What is Ozone?

Ozone is a form of oxygen with three atoms, instead of the usual two atoms. It is a photochemical oxidant and, at ground level, is the main component of smog. Ozone is not emitted directly into the air but is formed through chemical reactions between natural and man-made emissions of volatile organic compounds (VOCs) and oxides of Nitrogen in the presence of sunlight. These gaseous compounds mix like a thin soup in the ambient, or outdoor, air, and when they interact with sunlight, ozone is formed. Sources of these pollutants include automobiles, gas-powered motors, refineries, chemical manufacturing plants, solvents used in dry cleaners and paint shops, and wherever natural gas, gasoline, diesel fuel, kerosene, and oil are combusted.

Ozone pollution is the periodic increase in the concentration of ozone in the ambient air, the natural air that surrounds us. It is mainly a daytime problem during summer months because warm temperatures play a role in its formation. When temperatures are high, sunshine is strong, and winds are weak, ozone can accumulate to unhealthful levels.

Ground-level ozone is the most prevalent air pollutant in Texas and the nation. Ozone is often one of several pollutants that make up “smog,” which you may recognize as the reddish-brown haze that forms when air quality is particularly poor. But because ozone itself is colorless, the air can look clear even when high ozone concentrations are present.

Ozone is measured in parts per billion. Parts per billion (ppb) is a unit of measurement used to represent the concentration of a substance in a certain medium (air, water, soil). For example, 70 ppb of ozone means that for every 1 billion parts of air studied, 70 of those parts are ozone.

Ozone Is a Health Hazard

The biggest concern with high ozone concentration is the damage it causes to human health, vegetation, and to many common materials we use. High concentrations of ozone can cause shortness of breath, coughing, wheezing, headaches, nausea, eye and throat irritation, and lung damage. People who suffer from lung diseases like bronchitis, pneumonia, emphysema, asthma, and colds have even more trouble breathing when the air is polluted. These effects can be worse in anyone who spends significant periods of time exercising or working outdoors.

Children often play outside for long periods during the summer. Their lungs are still developing, and they breathe more rapidly and inhale more air pollution per pound of body weight than adults. On days when ozone levels are high, these factors put children at increased risk for respiratory problems.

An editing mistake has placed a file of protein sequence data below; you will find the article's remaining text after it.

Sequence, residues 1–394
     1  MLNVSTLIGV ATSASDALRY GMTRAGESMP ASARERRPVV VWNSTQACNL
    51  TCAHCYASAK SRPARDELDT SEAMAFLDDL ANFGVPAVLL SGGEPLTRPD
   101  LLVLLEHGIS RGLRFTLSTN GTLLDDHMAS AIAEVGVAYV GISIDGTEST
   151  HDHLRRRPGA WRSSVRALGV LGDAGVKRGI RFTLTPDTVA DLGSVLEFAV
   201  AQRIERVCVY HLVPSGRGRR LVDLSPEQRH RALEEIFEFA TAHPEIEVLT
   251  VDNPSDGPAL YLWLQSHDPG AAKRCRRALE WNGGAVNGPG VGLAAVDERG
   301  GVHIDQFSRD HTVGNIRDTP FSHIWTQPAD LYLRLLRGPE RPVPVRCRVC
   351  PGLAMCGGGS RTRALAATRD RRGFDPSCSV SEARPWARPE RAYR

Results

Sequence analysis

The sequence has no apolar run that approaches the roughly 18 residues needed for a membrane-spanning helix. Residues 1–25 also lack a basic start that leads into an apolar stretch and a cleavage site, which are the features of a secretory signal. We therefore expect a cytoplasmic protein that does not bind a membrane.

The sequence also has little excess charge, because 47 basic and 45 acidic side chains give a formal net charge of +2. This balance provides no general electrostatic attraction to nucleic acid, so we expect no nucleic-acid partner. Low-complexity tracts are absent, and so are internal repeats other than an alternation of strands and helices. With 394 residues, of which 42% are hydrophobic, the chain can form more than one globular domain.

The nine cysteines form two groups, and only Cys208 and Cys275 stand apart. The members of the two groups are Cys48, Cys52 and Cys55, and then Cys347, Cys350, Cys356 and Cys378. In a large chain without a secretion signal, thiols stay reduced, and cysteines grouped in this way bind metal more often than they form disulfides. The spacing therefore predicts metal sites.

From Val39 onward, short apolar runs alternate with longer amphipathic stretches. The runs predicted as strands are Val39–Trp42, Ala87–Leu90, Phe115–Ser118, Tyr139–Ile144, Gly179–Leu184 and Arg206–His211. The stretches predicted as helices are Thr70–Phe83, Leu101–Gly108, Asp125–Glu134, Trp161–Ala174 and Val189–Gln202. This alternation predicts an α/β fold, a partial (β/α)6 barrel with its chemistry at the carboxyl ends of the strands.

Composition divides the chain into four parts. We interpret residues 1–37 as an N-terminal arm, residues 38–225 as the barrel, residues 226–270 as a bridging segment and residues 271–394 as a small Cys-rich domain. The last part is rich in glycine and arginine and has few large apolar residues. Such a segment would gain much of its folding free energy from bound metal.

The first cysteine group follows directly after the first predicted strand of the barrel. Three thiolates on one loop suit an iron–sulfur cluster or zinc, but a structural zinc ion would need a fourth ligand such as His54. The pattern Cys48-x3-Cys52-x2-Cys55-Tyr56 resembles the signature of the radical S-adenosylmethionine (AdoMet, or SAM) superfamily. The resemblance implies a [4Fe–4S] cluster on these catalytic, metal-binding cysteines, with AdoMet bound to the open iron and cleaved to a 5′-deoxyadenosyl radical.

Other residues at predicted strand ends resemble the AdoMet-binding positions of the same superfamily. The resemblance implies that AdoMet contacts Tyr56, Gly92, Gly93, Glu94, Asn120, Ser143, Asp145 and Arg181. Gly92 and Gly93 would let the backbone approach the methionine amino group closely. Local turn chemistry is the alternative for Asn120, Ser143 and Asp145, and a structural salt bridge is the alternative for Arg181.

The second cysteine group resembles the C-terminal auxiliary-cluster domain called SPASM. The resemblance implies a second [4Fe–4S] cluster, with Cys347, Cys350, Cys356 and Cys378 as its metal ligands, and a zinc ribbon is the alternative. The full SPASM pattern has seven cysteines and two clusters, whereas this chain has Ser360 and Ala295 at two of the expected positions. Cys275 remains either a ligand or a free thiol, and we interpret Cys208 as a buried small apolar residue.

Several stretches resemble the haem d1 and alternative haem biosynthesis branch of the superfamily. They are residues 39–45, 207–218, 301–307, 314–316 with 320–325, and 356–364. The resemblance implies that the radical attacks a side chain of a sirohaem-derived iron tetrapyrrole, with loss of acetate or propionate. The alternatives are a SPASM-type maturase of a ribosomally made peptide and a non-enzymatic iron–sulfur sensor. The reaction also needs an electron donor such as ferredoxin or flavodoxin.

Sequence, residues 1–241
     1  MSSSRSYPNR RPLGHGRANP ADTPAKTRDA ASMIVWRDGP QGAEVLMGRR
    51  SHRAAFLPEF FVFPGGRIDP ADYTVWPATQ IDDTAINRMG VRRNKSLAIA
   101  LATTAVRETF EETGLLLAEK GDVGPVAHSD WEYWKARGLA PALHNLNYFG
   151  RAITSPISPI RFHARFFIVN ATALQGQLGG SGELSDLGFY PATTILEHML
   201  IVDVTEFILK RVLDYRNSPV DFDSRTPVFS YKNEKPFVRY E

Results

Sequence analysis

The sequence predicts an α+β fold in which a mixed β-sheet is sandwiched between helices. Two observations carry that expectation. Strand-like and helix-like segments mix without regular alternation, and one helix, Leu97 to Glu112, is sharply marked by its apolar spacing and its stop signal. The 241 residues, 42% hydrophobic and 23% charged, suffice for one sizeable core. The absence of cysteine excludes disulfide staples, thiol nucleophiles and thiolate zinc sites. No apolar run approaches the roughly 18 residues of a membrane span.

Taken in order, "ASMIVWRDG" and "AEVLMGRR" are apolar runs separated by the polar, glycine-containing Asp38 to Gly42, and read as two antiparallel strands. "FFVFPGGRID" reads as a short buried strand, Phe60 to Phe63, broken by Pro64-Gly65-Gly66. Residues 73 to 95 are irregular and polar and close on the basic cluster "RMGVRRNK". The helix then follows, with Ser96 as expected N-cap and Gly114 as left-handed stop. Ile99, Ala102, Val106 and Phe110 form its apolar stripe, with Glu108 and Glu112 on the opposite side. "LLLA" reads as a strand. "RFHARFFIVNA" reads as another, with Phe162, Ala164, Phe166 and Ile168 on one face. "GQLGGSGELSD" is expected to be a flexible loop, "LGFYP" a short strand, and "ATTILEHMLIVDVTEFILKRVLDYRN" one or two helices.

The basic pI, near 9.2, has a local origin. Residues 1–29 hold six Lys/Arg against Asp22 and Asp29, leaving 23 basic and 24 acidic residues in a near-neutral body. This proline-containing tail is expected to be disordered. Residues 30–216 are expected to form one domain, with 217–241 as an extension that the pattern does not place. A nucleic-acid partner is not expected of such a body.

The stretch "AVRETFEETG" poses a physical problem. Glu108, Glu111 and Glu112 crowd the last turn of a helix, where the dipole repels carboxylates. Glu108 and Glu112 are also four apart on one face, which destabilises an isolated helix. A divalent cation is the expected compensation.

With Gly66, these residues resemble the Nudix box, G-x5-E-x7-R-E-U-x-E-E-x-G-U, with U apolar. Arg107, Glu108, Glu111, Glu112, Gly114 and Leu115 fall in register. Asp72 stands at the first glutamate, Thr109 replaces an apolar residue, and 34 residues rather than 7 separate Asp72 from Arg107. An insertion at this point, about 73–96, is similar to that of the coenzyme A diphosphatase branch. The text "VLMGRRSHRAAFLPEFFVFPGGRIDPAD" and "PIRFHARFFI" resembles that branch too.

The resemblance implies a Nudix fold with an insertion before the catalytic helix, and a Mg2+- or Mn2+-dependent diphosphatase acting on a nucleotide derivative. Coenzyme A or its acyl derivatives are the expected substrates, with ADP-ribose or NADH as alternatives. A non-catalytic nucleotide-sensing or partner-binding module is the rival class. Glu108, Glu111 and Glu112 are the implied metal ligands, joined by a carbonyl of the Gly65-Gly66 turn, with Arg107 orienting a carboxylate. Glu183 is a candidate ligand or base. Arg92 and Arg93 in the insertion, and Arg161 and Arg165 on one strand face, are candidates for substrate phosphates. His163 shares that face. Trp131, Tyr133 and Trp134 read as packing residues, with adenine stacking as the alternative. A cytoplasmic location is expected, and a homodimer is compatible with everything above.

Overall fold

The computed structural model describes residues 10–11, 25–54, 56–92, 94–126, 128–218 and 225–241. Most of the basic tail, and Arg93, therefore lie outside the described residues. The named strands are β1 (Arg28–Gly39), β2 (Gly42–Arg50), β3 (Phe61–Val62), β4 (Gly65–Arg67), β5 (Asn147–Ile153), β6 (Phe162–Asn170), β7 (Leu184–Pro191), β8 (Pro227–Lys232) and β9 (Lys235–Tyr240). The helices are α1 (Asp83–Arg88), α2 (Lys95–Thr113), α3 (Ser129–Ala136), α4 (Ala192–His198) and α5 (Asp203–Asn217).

Adults breathe more than 10,000 times each day. During exercise or strenuous work, we breathe more often and draw air more deeply into the lungs. When we exercise heavily, we may increase our intake of air by as much as 10 times our level at rest. The interaction between air pollution and exercise is so strong that health scientists typically use exercising volunteers in their research.

Ozone levels are considered by the U.S. Environmental Protection Agency (EPA) to be “unhealthful” and exceed the National Ambient Air Quality Standard when they are measured at 125 parts per billion (ppb) or higher under the one-hour standard or at 70 ppb or higher under the eight-hour standard. When a single monitoring site has exceeded the one-hour standard on more than three days in three years, the EPA classifies the surrounding county or metropolitan area as not attaining the ozone standard, or “nonattainment” for ozone. Those areas in “attainment” of the one-hour standard are required to meet the eight-hour standard of a three-year average of the fourth-highest daily maximum eight-hour concentration measured at each site not to be at or exceed 70 ppb.

Ozone Readings in Texas

The TCEQ collects daily ozone measurements at several monitors across the state. Peak ozone concentrations in the state’s major metropolitan areas are available as well as daily peaks since January 1, 1998. Ozone concentrations are also available. These concentrations are used in determining if the National Ambient Air Quality Standard has been exceeded.

The Air Quality Index (AQI), formerly known as the Pollution Standard Index (PSI), is derived from air pollutant measurements and is used to determine an AQI rating of “Good,” “Moderate,” or “Unhealthy.” Because ozone measurements are usually higher in Texas than those of other air pollutants, the AQI is normally based on ozone levels.

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